Early Christian Manuscripts, Patristic Literature he

General Information

Patristic literature refers to the writings of the Fathers of the Christian church (the Greek word patristikos means "relating to the fathers") between the latter part of the 1st century AD and the middle of the 8th century. It can therefore be distinguished from New Testament theology at one end and from medieval scholasticism and Byzantine systematization at the other. It reflects the philosophical and religious thought of the Hellenistic and Roman world from which it derived the bulk of its concepts and vocabulary. The themes of this vast literature are manifold, but the theological reflection of the Fathers focused for the most part on questions of Christology and the Trinity.

Although writers of the East and West had much in common, perceptible shades of difference can be found in their theologies. A scientific theology developed in the East and was marked by a blend of biblical theology and Platonic idealism (especially in Alexandria) or Aristotelian realism (especially in Antioch). In the West, Christian writers generally depended on the Greek theological tradition, which they often clarified in definitions or interpreted in juridical categories, until the emergence in the late 4th century of a sophisticated Latin theology.

Patristic literature falls into three main periods. The ante-Nicene period (before AD 325) includes the writings of the Apostolic Fathers, the apologetic and antiheretical literature, and the beginnings of speculative Greek theology. The major figures of this period include Clement of Alexandria, Cyprian, Irenæus, Justin Martyr, Origen, and Tertullian. The period between the councils of Nicæa (325) and Chalcedon (451) was the golden age of the Nicene fathers (including Eusebius of Cæsarea, the first major church historian) the Alexandrians (most notably Athanasius and Cyril of Alexandria), the Cappadocians (Basil the Great, Gregory of Nazianzus, and Gregory of Nyssa), and the Antiochenes (John Chrysostom and Theodore of Mopsuestia).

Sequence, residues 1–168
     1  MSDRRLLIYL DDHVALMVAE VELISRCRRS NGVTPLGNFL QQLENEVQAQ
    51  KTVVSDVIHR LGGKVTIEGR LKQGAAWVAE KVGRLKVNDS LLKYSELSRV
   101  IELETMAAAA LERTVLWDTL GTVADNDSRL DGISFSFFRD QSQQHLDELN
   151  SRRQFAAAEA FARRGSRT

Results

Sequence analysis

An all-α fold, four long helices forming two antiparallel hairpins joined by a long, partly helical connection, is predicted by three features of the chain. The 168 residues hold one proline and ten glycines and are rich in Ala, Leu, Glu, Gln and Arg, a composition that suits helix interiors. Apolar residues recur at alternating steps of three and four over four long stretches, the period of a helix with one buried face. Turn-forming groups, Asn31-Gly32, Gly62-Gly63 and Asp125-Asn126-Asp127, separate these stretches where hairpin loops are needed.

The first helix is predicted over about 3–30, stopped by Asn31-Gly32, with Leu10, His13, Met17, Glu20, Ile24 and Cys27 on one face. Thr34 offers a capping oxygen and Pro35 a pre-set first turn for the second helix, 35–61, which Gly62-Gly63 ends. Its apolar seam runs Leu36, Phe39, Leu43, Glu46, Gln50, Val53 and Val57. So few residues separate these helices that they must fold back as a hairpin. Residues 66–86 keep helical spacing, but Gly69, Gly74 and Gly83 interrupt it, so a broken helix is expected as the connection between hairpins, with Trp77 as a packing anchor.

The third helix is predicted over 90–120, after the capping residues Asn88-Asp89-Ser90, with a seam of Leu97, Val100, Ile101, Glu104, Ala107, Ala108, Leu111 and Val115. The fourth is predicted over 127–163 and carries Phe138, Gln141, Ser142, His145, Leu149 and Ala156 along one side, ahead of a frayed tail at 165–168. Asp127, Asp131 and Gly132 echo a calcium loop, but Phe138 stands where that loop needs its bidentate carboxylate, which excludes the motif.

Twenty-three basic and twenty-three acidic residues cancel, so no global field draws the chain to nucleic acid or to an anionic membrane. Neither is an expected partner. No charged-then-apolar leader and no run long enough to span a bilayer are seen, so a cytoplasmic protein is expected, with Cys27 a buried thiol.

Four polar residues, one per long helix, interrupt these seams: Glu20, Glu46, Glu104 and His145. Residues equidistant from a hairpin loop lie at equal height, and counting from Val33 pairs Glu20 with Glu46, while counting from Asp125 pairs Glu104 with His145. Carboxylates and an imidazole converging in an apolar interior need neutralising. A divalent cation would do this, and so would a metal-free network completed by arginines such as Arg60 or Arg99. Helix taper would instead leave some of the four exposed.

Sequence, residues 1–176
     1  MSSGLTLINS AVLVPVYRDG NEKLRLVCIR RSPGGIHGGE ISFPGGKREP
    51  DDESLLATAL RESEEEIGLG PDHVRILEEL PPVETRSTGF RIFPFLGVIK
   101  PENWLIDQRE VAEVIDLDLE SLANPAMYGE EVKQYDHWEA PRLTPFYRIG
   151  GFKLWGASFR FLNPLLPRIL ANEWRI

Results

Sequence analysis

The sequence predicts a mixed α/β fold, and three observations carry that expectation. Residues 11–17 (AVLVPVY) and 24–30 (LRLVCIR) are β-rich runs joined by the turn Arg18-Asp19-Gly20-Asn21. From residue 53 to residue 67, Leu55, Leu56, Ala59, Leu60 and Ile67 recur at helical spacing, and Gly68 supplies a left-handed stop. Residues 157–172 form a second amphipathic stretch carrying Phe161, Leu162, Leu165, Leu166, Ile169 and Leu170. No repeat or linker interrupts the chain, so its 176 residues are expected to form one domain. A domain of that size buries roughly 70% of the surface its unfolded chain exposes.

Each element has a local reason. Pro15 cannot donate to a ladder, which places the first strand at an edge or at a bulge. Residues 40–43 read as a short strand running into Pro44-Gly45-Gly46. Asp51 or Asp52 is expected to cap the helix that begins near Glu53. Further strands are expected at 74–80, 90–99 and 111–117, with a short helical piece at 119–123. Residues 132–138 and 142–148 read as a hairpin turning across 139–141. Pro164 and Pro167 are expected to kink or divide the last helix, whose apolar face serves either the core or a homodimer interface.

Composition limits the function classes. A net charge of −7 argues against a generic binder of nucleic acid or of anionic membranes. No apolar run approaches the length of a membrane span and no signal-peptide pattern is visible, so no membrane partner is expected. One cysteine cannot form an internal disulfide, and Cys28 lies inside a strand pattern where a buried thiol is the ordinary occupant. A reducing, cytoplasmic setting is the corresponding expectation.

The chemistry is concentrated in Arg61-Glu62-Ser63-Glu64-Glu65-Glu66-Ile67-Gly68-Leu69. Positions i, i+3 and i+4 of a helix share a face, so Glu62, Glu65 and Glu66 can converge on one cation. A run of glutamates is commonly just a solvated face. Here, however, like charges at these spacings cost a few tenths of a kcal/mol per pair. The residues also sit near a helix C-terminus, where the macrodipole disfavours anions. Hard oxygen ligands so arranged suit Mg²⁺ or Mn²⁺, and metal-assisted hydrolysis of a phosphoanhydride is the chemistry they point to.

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This was also the period of the great Latin fathers: Hilary of Poitiers, Ambrose, Jerome, and, above all, Augustine. The final period of patristic literature ends with Gregory I (the Great) in the West and John Damascene in the East.

Ross Mackenzie
Bibliography:
Altaner, Berthold, Patrology, 5th ed. (1960); DiBerardino, Angelo, eds., Patrology, trans. by P. Solari, 4 vols. (1986); Goodspeed, E. J., A History of Early Christian Literature, rev. ed. (1966); Hamell, Patrick J., Handbook of Patrology (1968); Kelly, J. N. D., Early Christian Doctrines, rev. ed. (1978); Leigh-Bennett, E., Handbook of the Early Christian Fathers (1980); Quasten, Johannes, and Plumpe, Joseph C., eds., Ancient Christian Writers (1946- ).